The pros and cons of high end e-commerce features — and how to know if your Shopify store is ready for them
Shopify, combined with premium Shopify themes such as Turbo, is a great e-commerce platform that allows new and experienced store owners the ability to build stores with both basic and advanced features. However, in the cutthroat world of e-commerce, it’s easy to get envious of some of the even more advanced features sites such as Amazon, Target, Walmart, Alibaba, and Overstock have.
It’s important to keep in mind that these stores, which typically generate millions of dollars in revenue a month, typically have entire teams of developers and engineers who are 100 percent devoted to maintaining their e-commerce platforms and developing new features.
It’s worth noting these e-commerce giants rely on proprietary, custom coded platforms combined with licensed enterprise level technology which, like a dedicated development team, is likely out of reach for many Shopify store owners.
Unfortunately, this puts smaller stores (in other words, the vast majority of Shopify businesses out there), at a type of disadvantage in that they don’t always have ready access to these types of advanced, interactive and dynamic features:
Shopper question and answers
User photos or Instagram photo integration
Product spec, details or feature boxes
“Favorites” or saving to lists
Fine-grained, faceted filtering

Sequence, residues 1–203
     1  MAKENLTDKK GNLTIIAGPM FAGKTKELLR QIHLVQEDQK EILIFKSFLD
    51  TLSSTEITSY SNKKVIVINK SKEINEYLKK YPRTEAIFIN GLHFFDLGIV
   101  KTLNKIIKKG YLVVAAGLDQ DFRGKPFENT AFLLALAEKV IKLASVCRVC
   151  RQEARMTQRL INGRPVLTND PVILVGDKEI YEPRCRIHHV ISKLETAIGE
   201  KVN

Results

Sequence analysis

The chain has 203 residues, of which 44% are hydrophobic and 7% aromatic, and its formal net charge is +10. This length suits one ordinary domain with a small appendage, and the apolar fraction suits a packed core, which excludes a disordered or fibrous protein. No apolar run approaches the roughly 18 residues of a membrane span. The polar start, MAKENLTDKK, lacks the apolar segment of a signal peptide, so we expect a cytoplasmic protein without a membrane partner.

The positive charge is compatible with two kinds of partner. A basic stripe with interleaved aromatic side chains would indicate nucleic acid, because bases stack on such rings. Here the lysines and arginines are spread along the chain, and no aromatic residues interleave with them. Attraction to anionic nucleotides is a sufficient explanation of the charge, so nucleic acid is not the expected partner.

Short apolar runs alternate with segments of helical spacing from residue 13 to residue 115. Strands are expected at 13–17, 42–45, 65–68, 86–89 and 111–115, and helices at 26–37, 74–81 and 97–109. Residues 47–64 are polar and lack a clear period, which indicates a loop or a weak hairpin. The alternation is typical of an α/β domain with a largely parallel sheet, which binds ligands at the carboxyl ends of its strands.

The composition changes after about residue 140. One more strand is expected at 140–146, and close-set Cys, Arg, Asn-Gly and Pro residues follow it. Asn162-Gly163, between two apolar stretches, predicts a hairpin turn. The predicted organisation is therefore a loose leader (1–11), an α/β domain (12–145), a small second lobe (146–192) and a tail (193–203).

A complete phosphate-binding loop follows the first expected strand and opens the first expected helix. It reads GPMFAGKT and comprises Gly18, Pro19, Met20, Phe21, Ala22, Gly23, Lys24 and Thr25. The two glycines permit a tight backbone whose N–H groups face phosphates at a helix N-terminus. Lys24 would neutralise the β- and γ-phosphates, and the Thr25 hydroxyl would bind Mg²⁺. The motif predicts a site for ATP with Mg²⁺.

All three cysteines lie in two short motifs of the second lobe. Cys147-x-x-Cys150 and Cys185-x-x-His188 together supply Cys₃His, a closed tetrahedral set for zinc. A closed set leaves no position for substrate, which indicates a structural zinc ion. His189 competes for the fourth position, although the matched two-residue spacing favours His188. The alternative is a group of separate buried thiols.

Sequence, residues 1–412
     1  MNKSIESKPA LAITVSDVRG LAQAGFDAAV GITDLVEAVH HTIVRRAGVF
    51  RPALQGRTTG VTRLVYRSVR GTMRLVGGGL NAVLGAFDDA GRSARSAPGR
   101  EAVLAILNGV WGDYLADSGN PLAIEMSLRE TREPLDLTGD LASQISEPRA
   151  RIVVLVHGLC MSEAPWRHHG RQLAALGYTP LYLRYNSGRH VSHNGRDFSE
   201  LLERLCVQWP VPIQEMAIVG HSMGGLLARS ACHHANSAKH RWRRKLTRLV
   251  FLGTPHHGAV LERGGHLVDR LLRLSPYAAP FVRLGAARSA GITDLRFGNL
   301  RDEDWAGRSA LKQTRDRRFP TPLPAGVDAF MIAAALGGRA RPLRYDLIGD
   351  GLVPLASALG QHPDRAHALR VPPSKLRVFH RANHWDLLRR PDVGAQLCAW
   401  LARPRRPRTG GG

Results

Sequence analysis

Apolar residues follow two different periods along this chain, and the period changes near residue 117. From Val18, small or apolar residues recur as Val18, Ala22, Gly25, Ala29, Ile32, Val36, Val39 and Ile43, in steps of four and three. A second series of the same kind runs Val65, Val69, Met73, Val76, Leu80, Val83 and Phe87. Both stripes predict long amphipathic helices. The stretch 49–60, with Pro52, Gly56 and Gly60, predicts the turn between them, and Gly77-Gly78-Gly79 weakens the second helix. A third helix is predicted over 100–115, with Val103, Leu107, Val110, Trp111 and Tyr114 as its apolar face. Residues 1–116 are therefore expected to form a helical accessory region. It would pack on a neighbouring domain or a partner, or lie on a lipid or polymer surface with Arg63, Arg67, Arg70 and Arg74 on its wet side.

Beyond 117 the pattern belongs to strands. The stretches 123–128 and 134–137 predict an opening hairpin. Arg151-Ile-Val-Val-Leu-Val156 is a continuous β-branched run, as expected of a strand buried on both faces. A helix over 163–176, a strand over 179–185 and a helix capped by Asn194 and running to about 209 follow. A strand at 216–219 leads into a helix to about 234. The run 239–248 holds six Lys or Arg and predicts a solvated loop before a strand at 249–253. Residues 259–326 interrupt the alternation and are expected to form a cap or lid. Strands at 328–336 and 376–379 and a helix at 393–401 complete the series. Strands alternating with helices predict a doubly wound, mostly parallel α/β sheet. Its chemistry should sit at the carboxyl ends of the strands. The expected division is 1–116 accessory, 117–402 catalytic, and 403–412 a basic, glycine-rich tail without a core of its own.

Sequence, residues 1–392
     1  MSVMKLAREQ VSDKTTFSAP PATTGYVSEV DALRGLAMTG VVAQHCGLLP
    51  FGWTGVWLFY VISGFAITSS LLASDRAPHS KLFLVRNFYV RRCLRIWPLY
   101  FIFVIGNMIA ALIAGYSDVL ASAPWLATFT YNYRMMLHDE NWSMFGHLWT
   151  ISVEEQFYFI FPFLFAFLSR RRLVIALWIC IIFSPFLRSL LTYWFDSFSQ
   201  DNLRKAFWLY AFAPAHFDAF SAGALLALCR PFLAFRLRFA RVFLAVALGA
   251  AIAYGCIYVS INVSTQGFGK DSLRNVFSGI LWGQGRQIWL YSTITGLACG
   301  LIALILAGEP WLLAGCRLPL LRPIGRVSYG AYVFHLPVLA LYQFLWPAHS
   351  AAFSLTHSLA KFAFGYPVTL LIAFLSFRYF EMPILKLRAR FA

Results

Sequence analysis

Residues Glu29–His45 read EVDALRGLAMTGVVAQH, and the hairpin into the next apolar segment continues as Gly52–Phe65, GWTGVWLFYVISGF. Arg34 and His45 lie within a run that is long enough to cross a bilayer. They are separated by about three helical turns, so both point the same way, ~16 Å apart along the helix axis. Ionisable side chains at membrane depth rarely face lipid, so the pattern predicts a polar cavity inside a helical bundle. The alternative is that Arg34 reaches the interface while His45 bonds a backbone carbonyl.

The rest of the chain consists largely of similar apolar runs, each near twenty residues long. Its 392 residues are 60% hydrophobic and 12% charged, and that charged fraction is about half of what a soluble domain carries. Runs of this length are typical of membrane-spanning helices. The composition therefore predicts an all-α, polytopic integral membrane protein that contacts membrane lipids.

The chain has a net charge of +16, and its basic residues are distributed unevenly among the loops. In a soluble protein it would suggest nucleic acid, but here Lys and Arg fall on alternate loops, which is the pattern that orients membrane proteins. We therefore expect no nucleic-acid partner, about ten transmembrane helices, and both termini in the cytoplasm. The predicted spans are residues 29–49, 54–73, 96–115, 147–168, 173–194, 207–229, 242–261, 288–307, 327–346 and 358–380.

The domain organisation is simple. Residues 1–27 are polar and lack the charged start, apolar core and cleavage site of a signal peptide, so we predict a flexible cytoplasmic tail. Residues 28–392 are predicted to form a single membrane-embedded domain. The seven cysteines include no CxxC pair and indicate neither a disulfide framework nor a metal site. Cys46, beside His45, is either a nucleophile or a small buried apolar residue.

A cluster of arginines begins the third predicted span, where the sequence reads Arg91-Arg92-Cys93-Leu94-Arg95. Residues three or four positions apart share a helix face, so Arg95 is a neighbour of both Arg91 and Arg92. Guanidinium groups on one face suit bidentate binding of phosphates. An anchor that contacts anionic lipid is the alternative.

Per unit price display
Custom fields for products
Shopify’s large developer community has also created a large variety of apps that add features and functionality to Shopify stores and themes, though it’s always important to keep in mind the technical issues that apps can add and to avoid overloading your store and theme with too many apps.
While there are many great apps available that can add many of these features, always be sure to fully investigate each app and, if possible, demo it, before even testing it on your store:
Many apps are created to work for the broadest number of stores — so their feature set may seem great on the surface, but may not provide the level of refinement or specificity that you’re ultimately after.
Likewise, getting the “look and feel” of the various buttons, windows or other user interface elements to perfectly “match” your store exactly may require creating CSS code.
While trying out the app, keep an open mind even if it doesn’t do exactly what you want or exactly how you pictured it.
All that said, in general, if you’re at a point in your Shopify business’ growth where you can afford to invest in app that will add most — but not all — of the features, design and functionality you’re after, it can still be the most cost-effective way to go at this stage of your business.
The Shopify theme advantage
Having said that, starting with a well designed and coded premium Shopify theme already gives you a distinct advantage:
Quality Shopify themes follow many of the same best practices that many e-commerce stores use — meaning that users will likely feel “at home” and “comfortable” when reading your product descriptions, browsing photos and, ultimately, clicking that “add to cart” button.
The Product.details template, which is included in the latest version of all Out of the Sandbox Shopify themes, lets you create eye-catching layouts to showcase your products and services beyond the basic picture-description-button layout that most shoppers are familiar with. This template, which can be used to create different layouts for different products, is also a great way to increase engagement and improve “time on page” from shoppers as well as explain all of the ins and outs of your product.